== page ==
A Study on the Impact of ICT on Collaborative Learning ...infonomics- Study on the Impact of ICT on Collaborative Learning Processes . in Libyan Higher Education . Thuraya Kenan, Abdussalam Elzawi, Crinela Pislaru, Maysoun Restoum

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  • A Study on the Impact of ICT on Collaborative Learning Processes

    in Libyan Higher Education

    Thuraya Kenan, Abdussalam Elzawi, Crinela Pislaru, Maysoun Restoum

    School of Computing & Engineering

    University of Huddersfield

    Huddersfield UK

    Abstract

    This paper presents the conclusions of a study on the

    impact of ICT on collaborative learning processes in

    Libyan Higher Education (LHE). The quantitative

    analysis of the answers to a questionnaire (completed by

    Libyan full-time lecturers at the universities of Tripoli,

    Garyounis, Gharian and Ezawia) shows the necessity to

    design and develop more classroom activities and

    interactive online applications, enabling the development

    of team-building skills required by employers.

    The influence of limited Internet bandwidths in Libya on

    collaborative learning processes in HE is then presented.

    It is obvious that HE institutions need to develop

    proactive strategies that envisage and anticipate

    learners future learning needs and requirements in this

    transition period of moving towards an increasingly

    digitalized, networked and knowledge-based society.

    The paper also contains the analysis of a SWOT model

    considering the factors that must be considered in

    relation to collaborative learning within the university

    teaching process, such as intelligent multimedia, Internet

    technologies, and knowledge management. The

    employment of modern technology will enable the

    development of innovative and inspiring collaborative

    learning environments where lecturers are expert

    designers of intellectual experiences for students, who

    become active participants to the learning processes.

    . Introducation

    Information and communication technology (ICT) is

    now considered an integral part of peoples whole

    lifestyle. It has been adopted in the field of Higher

    Education Institutes (HEIs). Initially, a number of key

    challenges have faced educational organisers; decision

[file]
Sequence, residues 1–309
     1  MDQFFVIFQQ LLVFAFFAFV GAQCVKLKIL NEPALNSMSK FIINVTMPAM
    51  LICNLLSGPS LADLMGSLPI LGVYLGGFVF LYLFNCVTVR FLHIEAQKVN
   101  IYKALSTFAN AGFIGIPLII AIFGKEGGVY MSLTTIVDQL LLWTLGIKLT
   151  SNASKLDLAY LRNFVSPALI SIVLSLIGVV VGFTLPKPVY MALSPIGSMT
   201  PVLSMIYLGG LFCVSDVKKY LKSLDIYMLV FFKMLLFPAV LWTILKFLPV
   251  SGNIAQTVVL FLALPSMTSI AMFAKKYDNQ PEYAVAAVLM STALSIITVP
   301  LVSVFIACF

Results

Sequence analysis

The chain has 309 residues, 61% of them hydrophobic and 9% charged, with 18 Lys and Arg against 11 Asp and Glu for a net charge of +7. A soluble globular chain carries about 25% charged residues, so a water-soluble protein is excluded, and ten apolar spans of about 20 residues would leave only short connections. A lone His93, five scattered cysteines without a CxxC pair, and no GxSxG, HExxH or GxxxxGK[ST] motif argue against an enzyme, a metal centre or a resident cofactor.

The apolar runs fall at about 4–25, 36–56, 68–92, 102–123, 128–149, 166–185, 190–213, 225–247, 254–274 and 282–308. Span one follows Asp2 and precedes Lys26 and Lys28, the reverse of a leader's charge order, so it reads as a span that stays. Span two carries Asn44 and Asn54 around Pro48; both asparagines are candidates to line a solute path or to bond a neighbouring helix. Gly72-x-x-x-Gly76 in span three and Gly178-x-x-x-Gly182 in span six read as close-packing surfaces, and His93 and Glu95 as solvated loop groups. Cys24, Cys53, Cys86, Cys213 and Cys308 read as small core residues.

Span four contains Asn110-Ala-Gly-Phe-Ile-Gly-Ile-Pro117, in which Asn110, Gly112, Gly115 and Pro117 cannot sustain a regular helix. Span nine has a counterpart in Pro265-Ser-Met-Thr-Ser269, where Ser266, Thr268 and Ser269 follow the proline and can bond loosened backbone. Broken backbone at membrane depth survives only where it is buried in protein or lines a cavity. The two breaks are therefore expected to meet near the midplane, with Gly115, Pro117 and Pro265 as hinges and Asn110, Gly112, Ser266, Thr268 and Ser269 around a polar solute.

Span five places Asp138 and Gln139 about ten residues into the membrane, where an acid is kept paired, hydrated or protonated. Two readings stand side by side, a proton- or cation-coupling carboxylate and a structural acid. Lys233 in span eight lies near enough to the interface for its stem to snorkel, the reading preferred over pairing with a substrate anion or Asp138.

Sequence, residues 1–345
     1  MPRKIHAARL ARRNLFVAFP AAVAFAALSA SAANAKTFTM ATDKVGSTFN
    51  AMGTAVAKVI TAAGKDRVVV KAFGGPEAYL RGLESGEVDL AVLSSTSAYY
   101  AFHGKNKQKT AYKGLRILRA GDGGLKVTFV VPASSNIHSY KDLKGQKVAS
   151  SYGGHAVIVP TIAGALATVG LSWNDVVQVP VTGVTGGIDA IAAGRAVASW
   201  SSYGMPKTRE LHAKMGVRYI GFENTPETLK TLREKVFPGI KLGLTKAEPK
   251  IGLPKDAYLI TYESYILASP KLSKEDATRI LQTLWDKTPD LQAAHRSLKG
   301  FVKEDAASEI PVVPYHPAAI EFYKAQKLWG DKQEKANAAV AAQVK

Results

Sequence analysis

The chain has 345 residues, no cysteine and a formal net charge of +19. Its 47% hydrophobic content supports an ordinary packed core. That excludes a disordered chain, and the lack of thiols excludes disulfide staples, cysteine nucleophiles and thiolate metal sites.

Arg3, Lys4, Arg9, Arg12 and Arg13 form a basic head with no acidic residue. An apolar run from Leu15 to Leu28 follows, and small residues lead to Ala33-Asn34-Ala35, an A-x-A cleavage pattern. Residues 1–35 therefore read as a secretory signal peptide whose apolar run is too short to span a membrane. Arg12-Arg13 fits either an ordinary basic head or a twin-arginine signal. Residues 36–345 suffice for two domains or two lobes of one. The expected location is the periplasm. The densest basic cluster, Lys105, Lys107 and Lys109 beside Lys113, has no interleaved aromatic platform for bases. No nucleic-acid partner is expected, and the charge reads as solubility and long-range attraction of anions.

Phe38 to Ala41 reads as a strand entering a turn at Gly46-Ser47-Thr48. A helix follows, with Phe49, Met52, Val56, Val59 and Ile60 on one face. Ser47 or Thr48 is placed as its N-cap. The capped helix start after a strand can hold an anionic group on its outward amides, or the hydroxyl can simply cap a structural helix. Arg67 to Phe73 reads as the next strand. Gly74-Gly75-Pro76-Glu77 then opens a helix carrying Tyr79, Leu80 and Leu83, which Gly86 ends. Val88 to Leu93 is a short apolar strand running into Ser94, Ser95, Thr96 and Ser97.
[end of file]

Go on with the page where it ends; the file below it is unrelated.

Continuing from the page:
makers and management teams as a result of adopting ICT

    and computer networks in the educational environment.

    These challenges are related to the ability to identify a

    suitable long-term strategic visualisation. The

    identification of a strategic visualisation can be effectively

    delivered by embracing better strategic management

    techniques, which can assist the HEIs in balancing the

    stresses of change, continuousness, stability and

    resources. Libyan higher education institutions (LHEIs)

    need to make more efforts to increase the use of ICT in

    teaching and learning processes.

    With an increase in the number of students enrolling in

    colleges, compared with a decline in the number of

    qualified teachers, and their ICT experiences and the

    increasing demand for accountability, and anxieties about

    the social and economic position of higher education,

    LHEIs have forced employment for successful, self-

    sustaining client oriented providers of education in a

    rapidly changing borderless education world []. The

    rapid progression of ICT has also reacted to different

    approaches to knowledge creation, management, and

    delivery methods. LHEIs have remained behind other

    areas in embracing improvement and ICT. On the other

    hand, they do not have clear ideas about ICTs role in

    improving the learning process to involve all stakeholders

    and organizational structures [2].

    Limited connections have been found between the

    provision of ICT and the higher education improvement

    process in Libya. ICT tools were separate from the

    improvement process, except for departments such as

    electrical engineering and computer science that facilitate